Sarah Palin Swats At Fruit Flies
There are real consequences of the ideologies held by our nation’s leaders. Religious belief has practical implications when it is held by people in positions of power. So it is that Sarah Palin’s foundations in a religious movement that denies the reality of biological evolution through natural selection would be more than just an eccentric embarrassment for educated Americans. They would have a devastating impact on Americans’ lives.
Last week, Sarah Palin gave her very first, and possibly only, policy speech of the 2008 campaign. It was a speech on government policy for children with disabilities. The idea behind the speech was that, because Palin has been the mother of a disabled child for a few months, she is an expert on the subject. It’s a claim as ridiculous as the idea that a person who joined the Army as a private a few months ago is qualified as an expert on military affairs.
Palin’s ignorance was showing throughout the speech, but was particularly glaring at one moment when she spoke dismissively about fruit fly research. Palin complained that government money spent on scientific research was a waste, saying, “You’ve heard about some of these pet projects they really don’t make a whole lot of sense and sometimes these dollars go to projects that have little or nothing to do with the public good. Things like fruit fly research in Paris, France. I kid you not!”
Sarah Palin seems to think that fruit fly research is a joke, but anyone who paid attention in high school science class knows better than that. Fruit fly research has been at the core of genetics research for decades and continues to be an essential tool in understanding human genetic diseases. Human genetic diseases include Down Syndrome, the disease that Sarah Palin’s infant son suffers from. Through the insights it provides into genetics, fruit fly research also delivers information that can be used to combat disabilities that are not primarily genetic in origin.
The fruit fly Drosophila melanogaster is an excellent tool for scientific research, especially in genetics, because it has a short generation span, allowing researchers to track patterns in inheritance over relatively short periods of time. A paper published in the journal Science, and archived by the National Institutes of Health, explains, “The fly Drosophila melanogaster is one of the most intensively studied organisms in biology and serves as a model system for the investigation of many developmental and cellular processes common to higher eukaryotes, including humans.”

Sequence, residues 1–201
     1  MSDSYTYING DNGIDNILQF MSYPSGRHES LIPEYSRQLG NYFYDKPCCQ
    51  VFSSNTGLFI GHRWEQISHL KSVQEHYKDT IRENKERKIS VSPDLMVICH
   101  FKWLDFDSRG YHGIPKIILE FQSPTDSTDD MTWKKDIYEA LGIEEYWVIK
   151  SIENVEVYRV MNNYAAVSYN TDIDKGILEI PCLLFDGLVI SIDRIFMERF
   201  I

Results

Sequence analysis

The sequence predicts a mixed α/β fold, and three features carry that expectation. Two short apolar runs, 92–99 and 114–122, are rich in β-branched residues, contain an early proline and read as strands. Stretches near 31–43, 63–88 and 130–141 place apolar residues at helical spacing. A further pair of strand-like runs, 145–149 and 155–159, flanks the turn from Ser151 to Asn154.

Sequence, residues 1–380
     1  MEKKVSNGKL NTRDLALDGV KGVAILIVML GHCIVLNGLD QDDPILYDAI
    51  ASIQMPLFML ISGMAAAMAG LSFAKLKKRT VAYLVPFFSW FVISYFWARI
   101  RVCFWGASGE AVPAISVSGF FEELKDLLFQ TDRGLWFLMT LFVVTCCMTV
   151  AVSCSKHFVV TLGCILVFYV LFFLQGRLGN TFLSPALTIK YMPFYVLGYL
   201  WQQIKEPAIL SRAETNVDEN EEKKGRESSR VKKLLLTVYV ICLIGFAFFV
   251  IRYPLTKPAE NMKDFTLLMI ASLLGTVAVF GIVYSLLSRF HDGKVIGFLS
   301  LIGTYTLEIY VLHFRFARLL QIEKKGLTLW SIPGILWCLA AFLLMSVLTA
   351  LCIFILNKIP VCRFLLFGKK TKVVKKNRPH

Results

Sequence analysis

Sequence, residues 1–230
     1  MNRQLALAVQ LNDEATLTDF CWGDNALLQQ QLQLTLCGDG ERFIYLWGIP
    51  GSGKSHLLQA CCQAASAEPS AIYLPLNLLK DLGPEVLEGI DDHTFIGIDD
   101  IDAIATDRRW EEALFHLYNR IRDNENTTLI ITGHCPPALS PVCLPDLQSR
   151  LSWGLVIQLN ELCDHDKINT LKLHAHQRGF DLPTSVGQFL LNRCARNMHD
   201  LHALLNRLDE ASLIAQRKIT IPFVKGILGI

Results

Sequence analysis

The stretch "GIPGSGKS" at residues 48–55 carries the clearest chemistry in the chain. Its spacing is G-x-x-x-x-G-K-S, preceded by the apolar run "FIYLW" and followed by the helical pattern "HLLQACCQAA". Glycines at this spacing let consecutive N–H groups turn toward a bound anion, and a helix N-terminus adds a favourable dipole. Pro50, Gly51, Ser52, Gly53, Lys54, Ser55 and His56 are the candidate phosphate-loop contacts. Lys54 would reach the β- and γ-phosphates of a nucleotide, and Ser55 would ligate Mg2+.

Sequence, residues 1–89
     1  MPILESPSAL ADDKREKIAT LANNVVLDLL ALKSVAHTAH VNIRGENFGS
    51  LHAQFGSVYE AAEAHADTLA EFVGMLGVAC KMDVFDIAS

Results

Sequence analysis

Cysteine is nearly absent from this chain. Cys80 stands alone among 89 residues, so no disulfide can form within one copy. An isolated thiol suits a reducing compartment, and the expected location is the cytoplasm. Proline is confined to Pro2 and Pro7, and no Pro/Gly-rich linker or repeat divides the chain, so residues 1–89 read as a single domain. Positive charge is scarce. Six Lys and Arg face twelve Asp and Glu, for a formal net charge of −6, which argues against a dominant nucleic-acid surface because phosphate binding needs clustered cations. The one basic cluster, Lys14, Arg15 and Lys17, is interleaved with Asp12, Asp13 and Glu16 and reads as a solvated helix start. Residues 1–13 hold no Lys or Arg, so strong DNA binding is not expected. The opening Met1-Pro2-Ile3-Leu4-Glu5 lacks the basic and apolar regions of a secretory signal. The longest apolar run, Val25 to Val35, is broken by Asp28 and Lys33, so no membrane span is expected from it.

The fruit fly’s usefulness has been recently increased by efforts like the Berkeley Drosophila Genome Project and FlyBase to describe and make available for research the entire genome of the fruit fly. Research over the last five years has provided insights into a huge range of medical problems that lead to developmental disabilities in children, ranging from pharmaceutically-induced birth defects to autism and compulsive disorders.
Of course, the scientific advances in dealing with children’s disabilities that have been achieved through fruit fly research are all dependent upon the basic understanding that inheritance and biological evolution are natural, not supernatural, processes. Sarah Palin is rooted in a religious movement that believes scientific theories of biological evolution to be the work of the Devil.
Yes, to someone who doesn’t have any understanding of biology and the scientific research into developmental disabilities, fruit fly research sounds, well, fruity. Sarah Palin, however, was trying to pass herself off as some kind of expert on disabilities in her speech last week. America’s children cannot afford to have a person a step away from being President of the United States who believes that she can put on the identity of a scientific expert like a Halloween costume, or like an outfit bought for her at Saks Fifth Avenue.